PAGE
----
50-Word Mini-Stories: A Creative Writing Exercise
These Little Stories
Many years ago, the Daily Telegraph (a prominent, respected newspaper in the UK) ran a writing competition. Their challenge was to write a story in exactly 50 words: not one more and not one less. It's not easy to do, but it's an interesting exercise for any budding writer to try, concentrating the mind as it does on succinctness and clarity of writing. With just 50 words, there is no room at all for meandering or any unnecessary padding! Since then, the readers of many other publications have been invited to try their hand at similar writing formats, including the British Mensa magazine in which one of my efforts - 'What's an Alien?' - was published in 2010.
On this page I've showcased a few of my 50-word essays. Count the words if you like (some leeway was allowed for hyphenated words!). Some are intended to be serious comments on human nature, others are humorous, and one is just an attempt to get as many Beatles song titles as possible into a story.
"The Gambler's Sin"
Satan came in Gambler Wilson's dreams.
"Let's play High Card Wins."
“Untold riches if you win; your soul if you lose.”
Wilson considered, agreed, and drew an Ace.
Satan drew a Jack.
“I win!” said Wilson.
Satan smiled. “But playing with the Devil is unforgiveable. So you lose.”
"Strangers Home and Abroad"
“What shall we do on holiday?” Charlie asked Marge. “Trekking with Sherpas? Camping with the Berbers?”
“Kayaking with Inuits?” suggested Marge.
Charlie and Marge loved cultural adventure; meeting strangers, making friends.
“The house will be empty. Better tell the next door neighbour,” warned Charlie. “I wonder what his name is?”
With love, my mother gave birth and nurtured me.
With love, my girlfriend stared into my eyes, squealing "Yes!" to my proposal.
With love, my children laughed and squeezed my hand and needed me so much.
With love, my friends mourned my passing.
What love! The measure of my success.
"A Deadly Encounter With a Shower Unit Head"
To myopic eyes the shower unit head resembled a cobra, poised to strike.
Mistakenly he hit the cold tap—in January. The shower spat icy venom. Shrieking, he leapt with mongoose agility. One hand snaked towards the tap and turned rapidly.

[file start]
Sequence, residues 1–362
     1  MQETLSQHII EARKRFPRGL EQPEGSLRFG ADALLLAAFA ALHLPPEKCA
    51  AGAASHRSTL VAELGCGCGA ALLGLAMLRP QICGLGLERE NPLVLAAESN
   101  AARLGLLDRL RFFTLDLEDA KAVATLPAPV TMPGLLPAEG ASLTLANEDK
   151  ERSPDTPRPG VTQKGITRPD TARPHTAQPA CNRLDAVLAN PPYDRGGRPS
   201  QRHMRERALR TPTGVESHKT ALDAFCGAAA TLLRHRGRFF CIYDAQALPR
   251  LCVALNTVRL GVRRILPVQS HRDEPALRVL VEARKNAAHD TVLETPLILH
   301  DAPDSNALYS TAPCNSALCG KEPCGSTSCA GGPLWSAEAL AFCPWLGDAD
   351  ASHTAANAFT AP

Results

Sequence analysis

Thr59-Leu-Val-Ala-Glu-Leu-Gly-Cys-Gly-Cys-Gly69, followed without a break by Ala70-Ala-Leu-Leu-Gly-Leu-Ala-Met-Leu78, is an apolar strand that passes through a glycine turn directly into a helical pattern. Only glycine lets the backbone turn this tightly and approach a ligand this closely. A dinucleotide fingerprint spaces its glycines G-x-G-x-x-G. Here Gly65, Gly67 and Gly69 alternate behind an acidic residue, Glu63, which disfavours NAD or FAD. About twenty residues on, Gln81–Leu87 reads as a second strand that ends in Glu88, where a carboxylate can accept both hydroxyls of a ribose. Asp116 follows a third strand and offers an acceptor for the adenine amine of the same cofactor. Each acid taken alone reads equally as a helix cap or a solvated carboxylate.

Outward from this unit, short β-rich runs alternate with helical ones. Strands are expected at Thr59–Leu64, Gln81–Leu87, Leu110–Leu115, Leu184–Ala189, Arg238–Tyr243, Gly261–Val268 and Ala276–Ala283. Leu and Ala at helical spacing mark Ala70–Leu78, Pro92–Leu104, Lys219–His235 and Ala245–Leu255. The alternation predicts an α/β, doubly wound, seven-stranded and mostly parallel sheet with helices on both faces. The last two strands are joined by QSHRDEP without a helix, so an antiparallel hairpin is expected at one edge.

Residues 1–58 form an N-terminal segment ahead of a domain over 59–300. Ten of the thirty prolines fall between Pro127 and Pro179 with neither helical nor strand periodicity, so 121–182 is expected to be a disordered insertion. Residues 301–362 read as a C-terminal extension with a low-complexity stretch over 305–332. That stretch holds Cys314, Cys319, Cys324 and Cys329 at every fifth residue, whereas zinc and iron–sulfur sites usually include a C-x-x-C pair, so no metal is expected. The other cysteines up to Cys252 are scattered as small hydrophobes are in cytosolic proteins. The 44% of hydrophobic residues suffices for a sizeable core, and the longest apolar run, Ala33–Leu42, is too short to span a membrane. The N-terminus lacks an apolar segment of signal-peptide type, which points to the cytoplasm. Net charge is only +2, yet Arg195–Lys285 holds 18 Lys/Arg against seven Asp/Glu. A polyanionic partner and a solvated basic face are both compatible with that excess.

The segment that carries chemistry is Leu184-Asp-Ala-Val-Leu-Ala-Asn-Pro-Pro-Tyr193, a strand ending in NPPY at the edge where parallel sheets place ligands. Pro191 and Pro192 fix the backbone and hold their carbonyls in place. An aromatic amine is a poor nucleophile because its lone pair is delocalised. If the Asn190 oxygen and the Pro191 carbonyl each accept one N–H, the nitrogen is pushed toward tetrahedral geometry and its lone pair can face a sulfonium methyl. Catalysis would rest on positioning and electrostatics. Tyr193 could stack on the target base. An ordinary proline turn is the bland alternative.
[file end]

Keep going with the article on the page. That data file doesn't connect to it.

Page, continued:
In a second it was over.
He was safe.
"What's An Alien?"
An aggressive alien creature visited our planet.
It was ugly, with a big nose, pinkish hairy skin, and feet that smelled. It was frightened of us for no reason. It resented our differences. It laid claim to our planet.
This strange alien was an Earth Human.
It called me "alien."
"A True and Genuine Football (Soccer) Fan"
The fan really wanted to see a great game. But it was dull. One nil. His team’s striker dived in the box to claim an undeserved penalty. His goalkeeper sneakily handled outside the box. A midfielder broke an opponent’s leg. But the fan’s team won, so he went home happy.
An intelligent man spent his life studying, learning everything about everything.
A stupid man spent his life giving love, learning nothing.
The intelligent man died rich and famous - alone.
The stupid man died surrounded by friends.
The intelligent man knew nothing that mattered.
The stupid man knew all that mattered.
"The Faithful Companion"
“Daft old woman,” he cursed at the graveside, “squandering all that money on a stupid dog, instead of leaving it to her loved ones who could’ve used it.”
He left quickly when the rain fell.
The dog stayed by her grave until weak with hunger, pining for his lost mistress.
"Fun With the Beatles (17 Song Titles in 50 Words)"
“Hey Jude. Yesterday, your girl Michelle said she’s leaving home.
"Tell me why?"
“I’ve got a feeling it’s because you kissed another girl - Julia - the night before”.
“We can work it out”.
“Well, she loves you, and all you need is love. Get back with her.”
"An Old-Fashioned Long Distance Romance"
I awoke to a grey morning. My heart was heavy, my soul lifeless.
My lover writes each month. Today the letter finally arrived, so colour flooded my day. Emotions stirred my heart. Sparks revitalised my soul. I came alive.
A month now to fade to grey until my next awakening.
Maurice loved his computer and loved internet dating. Very thorough and logical, he spent months scoring every respondent out of one thousand, cross-referencing virtues and failings; writing hundreds of emails, analysing their replies. Sadly, he never had time to go out and meet anyone, so he married his computer instead.
What a task I’ve set myself! Fifty words! Now, twenty-six different letters in one sentence—that’s an easy thing to do; "the quick brown fox jumps over the lazy dog." But fifty words—no more, no less—that’s not so easy. I can’t do it! I give up! Sorry!
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